Whatever. Much preferred Daniel Malone's resolute demonstration of the ness of half-full (as oppose to the half-empty) with the ghosts of actual skinheads at the Physics Room that I had opened the night before. Showing there in a how-do-you-like-them-apples codependent show (which was also at the High Street Project) with former real-life partner A. D. Schierning, their Uber Alles went alongside Maryrose Crook's Semel Insanivimus Omnes(we have all been mad once) painting show.

Schierning's component, Coca Cola Uber Alles, was composed of drawings on the walls based on characters from the cartoon Sailor Moon. Well at least the heads and limbs were drawn off children's outfits stuck on the wall. Lots of leg. Magic powers. Bookmark proportions. Except for one particular figure that apparently apes Schierning's own proportions, and is more down-to-earth. A really grating video loop is also there amongst Malone/Schierning detritus that plays the main bit of the cartoon's theme over and over with a coke bottle and three or so she-figures that go from outlandishly silly manga proportions to real-girl-ish. I had a feeling she wouldn't be doing this if she were actually fat. Or old. But that's OK. Enthusiasm is very refreshing and most welcome here in Swamp City at this time of year.

California Uber Alles was Malone's offering, and was a characteristically sprawling yet elegant affair supposedly about the way people pick up symbols and use them for their own various ends. In this case, it is the swastika, a motif so pregnant with promise, which was being explored at high speed. What is obvious is that, as with most human endeavour, there is very little rhyme or reason to it. Take skinheads for example. They think, I guess, the swastika is the international symbol for hate because they seem to hate everything (except each other, anarchy and looting, German militia, violence and getting really bent out of shape) including themselves. I mean, how can one get conceptually rigorous about something that wasn't thought out along those lines in the first place?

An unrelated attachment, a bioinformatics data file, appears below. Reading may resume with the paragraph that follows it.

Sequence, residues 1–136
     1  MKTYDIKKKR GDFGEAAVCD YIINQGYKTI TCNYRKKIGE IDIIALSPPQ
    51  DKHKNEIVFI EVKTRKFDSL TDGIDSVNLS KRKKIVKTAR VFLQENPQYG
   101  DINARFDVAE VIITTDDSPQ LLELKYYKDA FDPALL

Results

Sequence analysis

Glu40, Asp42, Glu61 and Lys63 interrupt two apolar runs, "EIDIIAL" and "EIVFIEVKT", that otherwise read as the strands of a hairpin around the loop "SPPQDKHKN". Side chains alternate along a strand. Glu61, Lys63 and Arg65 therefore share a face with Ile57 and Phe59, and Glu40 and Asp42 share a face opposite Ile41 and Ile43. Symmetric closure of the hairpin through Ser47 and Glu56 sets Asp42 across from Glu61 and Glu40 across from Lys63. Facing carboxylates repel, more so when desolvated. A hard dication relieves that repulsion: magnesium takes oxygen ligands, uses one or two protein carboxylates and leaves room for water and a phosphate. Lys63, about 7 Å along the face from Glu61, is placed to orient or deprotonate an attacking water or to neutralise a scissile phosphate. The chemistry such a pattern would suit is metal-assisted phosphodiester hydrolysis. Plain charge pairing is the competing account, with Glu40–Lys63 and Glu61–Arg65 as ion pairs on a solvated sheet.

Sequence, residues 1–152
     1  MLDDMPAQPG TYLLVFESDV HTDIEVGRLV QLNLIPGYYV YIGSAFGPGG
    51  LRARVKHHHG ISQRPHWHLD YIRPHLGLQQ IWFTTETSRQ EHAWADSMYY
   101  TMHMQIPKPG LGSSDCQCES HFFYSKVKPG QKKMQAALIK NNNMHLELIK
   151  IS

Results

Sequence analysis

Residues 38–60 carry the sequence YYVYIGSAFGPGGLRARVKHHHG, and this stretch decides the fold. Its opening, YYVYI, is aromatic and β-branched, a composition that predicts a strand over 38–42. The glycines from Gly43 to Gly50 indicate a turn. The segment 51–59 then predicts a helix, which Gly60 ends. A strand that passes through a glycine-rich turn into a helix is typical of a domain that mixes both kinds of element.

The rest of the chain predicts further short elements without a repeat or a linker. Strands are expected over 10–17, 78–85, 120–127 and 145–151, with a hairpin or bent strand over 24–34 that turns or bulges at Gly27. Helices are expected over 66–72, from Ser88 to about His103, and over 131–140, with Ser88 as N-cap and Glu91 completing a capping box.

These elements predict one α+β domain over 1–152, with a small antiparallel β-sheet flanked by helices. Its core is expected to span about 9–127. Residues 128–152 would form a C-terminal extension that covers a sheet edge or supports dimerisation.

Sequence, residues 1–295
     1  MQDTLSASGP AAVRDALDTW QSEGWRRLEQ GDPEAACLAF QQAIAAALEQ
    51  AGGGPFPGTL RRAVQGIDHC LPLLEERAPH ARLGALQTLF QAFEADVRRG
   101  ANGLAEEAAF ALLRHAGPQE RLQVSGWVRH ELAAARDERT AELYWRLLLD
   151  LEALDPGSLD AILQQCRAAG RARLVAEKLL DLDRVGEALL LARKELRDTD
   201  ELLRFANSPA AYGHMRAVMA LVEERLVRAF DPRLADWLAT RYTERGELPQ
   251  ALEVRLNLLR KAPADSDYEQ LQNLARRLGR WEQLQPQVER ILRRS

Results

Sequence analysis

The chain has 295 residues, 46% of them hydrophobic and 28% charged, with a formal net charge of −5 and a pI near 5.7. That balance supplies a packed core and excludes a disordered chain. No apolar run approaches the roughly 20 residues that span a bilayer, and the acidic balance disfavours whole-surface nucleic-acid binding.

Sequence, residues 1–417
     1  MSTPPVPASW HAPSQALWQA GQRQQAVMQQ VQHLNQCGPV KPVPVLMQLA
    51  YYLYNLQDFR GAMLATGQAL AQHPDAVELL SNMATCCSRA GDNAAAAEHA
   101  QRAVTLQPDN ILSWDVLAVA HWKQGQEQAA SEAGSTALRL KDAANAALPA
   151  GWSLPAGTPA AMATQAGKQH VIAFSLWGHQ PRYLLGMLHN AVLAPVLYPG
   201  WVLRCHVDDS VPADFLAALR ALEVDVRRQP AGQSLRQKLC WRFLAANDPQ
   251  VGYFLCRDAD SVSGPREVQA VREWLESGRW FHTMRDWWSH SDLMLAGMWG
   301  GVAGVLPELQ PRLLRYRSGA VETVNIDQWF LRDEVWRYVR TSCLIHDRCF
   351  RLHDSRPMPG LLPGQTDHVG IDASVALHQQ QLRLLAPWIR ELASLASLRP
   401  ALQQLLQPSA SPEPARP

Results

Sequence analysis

There are many elements there to put in your pipe and smoke. Charlie Chaplin's The last dictator was playing, and Malone dressed up like him on opening night, his costume topped off by an armband sporting a double cross, which was then echoed in the gone-over smiley face of an Italian Nirvana flag. Not far away was Malone's approximation of Kurt Cobain's suicide note on Korean Mr. K brand notepaper. It read "Dear Mrs. K, I mean C, Suicide is painless, it brings on many changes. (& I can take it or leave it if I please) Love Mr. K." Next to it a turntable with a 3ml syringe for a needle tries to play a record with its centre bit blacked out to bear a swastika. The record was actually "Turn back the clock" by Johnny Hates Jazz. I looked.

There were a lot of other things going on too, e.g. above the turntable, a Native American dream catcher fashioned from feathers and a Korean plastic bag and some sort of lampshade frame; a beautiful Japanese shingle garden with large-sale swastika gouged into it encircled an island sporting Schierning's video made into a confusing eastern swastika shrine... The way the objets took over reminded me of a people-pleasing version of F.T.W. i.e., if we stick together we can take what we want. And take over. Tyranny destroyed!!! or something like that.

I went to the opening. There were a lot of people there. Mostly with the Crook party it seemed. But unfortunately, I had been reading a Dennis Cooper book, Guide, that day, and as someone who knows she has no real mental defences against literature, I should have known better than to read another septic little book from LA by Dennis Cooper, an alcohol and drug ravaged art fag, and then to go into a room full of them. All I could think of was one character in the book saying to the Cooper-character "I can't do acid anymore. It makes me think art is pathetic, and I can't think art is pathetic, even if it is." I left thinking that although I had looked at a lot of interestingly interrelated things, I was going out knowing no more than I did when I went in.

I went back the next day to look at Uber Alles in the cold hard light of day. Relating my last night's exit thought to Malone, he said he hoped people would know less. He then drew my attention to a piece in the show that involved the poster to the movie The Man Who Knew Too Little featuring a glibly gesticulating Bill Murray. Within his pistol-aping pointing hand was added a swastika made up from red marker, with one small nail every centimetre, and sewing cotton wound between each of the points like I seem to remember doing in some craft class in primary school. The poster read "The international intelligence community is about to get a lot less intelligent." Malone said people had been asking him if it was a Peter Robinson reference. Now, that's not very nice, is it?